DURHAM, N.C. -- Freshman Jabari Parker’s intro music on Duke’s Countdown to Craziness on Friday night was Kanye West’s “Dark Fantasy”, a song with an appropriate hook: “Can we get much higher?”
In Parker’s case ... no.
In the second scrimmage of the night, Parker drove baseline and threw down a vicious, one-handed reverse slam. And the thing is, Parker’s athleticism is just a small sliver of what is going to make him such a good player for the Blue Devils this year.
When Duke coach Mike Krzyzewski announced last month that he wanted to run his team through the freshman phenom and redshirt sophomore Rodney Hood, it prompted some raised eyebrows. But the way Parker played in the scrimmages — 24 points (in 27 minutes) on 9-of-17 shooting to go with 14 rebounds — made it clear why the owner of 957 career wins believes in the Chicago product so much.
“Playing the center position when I was back in high school, it limited my versatility,” Parker said. “So now I’ve got to play a role of being everywhere on the floor just to fit my team, and then like I did in high school, fit a role so you can fit the style of play of the team.”
Hood had a pretty good night, too. He was second amongst all scorers with 17 points on 5-of-10 shooting, and he attacked the basket so effectively that he shot a team-high eight free throws.
Two 6-foot-8, athletic, versatile players who have a nice shooting touch but can also attack the basket, and both of whom see the floor very well? Yeah, seems like a pretty good idea to run a team through them.
Turns out that Krzyzewski guy knows what he’s doing.
Parker and Hood were on the same team once and on opposing teams once, which is something Parker said is relatively common in practice.
“No, surprisingly, (Krzyzewski) wants us to go at each other,” Parker said. "Like the first (scrimmage), he has us playing against each other, just having us being adjusted and put in simulations of tough defenders, tough guys that you have to play against defensively and offensively."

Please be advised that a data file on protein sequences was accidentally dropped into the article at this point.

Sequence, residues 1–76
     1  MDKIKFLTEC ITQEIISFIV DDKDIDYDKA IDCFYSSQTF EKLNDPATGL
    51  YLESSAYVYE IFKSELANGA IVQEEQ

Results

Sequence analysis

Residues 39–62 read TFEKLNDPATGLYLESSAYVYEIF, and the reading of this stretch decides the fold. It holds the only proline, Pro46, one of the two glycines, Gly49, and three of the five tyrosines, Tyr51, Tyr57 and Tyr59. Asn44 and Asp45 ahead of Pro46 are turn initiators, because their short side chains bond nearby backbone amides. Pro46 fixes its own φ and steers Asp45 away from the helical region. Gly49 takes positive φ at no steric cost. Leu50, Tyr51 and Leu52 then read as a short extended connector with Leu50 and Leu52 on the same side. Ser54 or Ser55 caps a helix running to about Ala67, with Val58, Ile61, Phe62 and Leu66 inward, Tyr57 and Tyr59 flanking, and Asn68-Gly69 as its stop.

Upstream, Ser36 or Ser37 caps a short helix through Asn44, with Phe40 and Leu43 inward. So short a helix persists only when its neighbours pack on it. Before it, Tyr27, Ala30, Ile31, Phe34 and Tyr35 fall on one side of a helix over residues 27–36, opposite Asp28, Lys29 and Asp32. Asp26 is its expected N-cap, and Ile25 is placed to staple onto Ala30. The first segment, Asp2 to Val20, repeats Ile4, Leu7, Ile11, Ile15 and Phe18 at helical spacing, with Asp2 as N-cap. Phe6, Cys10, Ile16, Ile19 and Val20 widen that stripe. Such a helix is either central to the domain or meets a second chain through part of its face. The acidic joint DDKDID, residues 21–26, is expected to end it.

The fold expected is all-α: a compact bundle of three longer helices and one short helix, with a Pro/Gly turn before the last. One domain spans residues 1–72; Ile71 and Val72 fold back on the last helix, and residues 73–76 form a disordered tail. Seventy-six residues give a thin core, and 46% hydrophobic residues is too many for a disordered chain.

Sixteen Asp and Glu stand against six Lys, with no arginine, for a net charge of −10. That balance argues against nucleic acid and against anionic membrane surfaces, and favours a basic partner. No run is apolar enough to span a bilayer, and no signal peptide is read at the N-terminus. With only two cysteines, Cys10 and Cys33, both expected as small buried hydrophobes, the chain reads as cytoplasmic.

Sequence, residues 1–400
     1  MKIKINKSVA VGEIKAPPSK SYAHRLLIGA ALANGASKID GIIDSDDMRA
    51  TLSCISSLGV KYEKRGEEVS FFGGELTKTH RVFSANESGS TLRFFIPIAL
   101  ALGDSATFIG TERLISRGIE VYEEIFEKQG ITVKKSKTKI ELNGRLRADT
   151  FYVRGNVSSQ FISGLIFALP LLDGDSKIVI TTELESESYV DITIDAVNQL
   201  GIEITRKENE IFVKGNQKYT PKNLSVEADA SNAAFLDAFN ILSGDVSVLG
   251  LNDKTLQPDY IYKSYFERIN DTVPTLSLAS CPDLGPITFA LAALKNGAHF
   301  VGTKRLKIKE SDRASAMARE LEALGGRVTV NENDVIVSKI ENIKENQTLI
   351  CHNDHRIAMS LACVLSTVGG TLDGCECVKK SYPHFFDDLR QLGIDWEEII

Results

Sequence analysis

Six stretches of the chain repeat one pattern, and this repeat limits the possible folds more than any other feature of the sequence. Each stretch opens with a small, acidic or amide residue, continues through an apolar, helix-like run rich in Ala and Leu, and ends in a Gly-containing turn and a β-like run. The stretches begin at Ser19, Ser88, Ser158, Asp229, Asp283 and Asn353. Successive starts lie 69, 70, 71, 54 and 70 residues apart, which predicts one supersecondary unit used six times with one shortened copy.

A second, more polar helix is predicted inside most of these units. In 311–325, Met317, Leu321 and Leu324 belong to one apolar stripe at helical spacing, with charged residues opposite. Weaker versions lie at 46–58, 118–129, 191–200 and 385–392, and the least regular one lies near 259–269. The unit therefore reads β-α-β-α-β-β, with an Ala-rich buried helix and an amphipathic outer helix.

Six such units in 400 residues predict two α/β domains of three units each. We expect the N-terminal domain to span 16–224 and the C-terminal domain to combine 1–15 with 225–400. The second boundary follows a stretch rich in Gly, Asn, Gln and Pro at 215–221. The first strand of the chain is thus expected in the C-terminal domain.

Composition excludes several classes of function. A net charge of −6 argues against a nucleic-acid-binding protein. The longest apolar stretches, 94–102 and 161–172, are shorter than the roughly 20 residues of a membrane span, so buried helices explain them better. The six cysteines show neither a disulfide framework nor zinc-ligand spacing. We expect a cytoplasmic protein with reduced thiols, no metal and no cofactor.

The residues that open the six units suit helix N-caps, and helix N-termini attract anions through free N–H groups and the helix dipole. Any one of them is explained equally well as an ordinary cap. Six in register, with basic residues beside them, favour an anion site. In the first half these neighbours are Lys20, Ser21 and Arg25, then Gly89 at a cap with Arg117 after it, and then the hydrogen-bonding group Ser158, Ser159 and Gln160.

If there was a surprise in the scrimmage, it was the play of Amile Jefferson. The lanky 6-foot-9 forward had his moments last year, but he was too skinny to be effective banging down low with other bigs and was still very raw in terms of his skill set.
He seems to have come a long way in the offseason, bulking up a bit perhaps, but really just honing his skills. He scored 16 points on 8-of-12 shooting, adding seven rebounds and a block. His moves around the basket were much better, and he has always had a knack for snaking around defenders for a lay-up.
Sophomore Rasheed Sulaimon finished with 16 points as well, but it took him awhile to get going. He was 0-of-4 in the first scrimmage and he still had to take 17 shots to get those 16 points. Either he or graduate student Andre Dawkins — playing for the first time in nearly two years — is going to be Duke’s best 3-point shooter, and one of them has to be consistent.
Dawkins got perhaps the second-biggest round of applause when he was introduced to the Cameron Crazies before the game began. After taking a year off to finally deal with the death of his sister, they were thrilled to see him again. And he basked in their adoration, stopping to scream, “I’m back, baby!”
He hit the first shot of the game (a 3-pointer) and finished with nine points.
Marshall Plumlee, the third in a seemingly endless line of Plumlees, had a rough start to his career in 2012-13, missing time with a foot injury and looking awkward and mechanical at times. He finished with nine points and eight rebounds in 22 minutes.
Point guard Quinn Cook had 16 points, while freshmen Matt Jones (nine points, three assists) and Semi Ojeleye (nine points, six rebounds and four steals) had nice games as well. Ojeleye won the Duke preseason award for his work in the weight room; no one except a Plumlee (first Miles, then Mason) had won it before.
Krzyzewski addressed the crowd between games, too. He has always thought of the Crazies as a part of the experience with him and the team, and he told them as much. He said he wanted them to bring their children back in here decades later and know that they played a part in all those wins.
He’s been coaching so long that he initially misspoke and said he’d been in it 35 years. It’s 34.
But perhaps he said it best: “Even after 34 years, it still feels damn good.”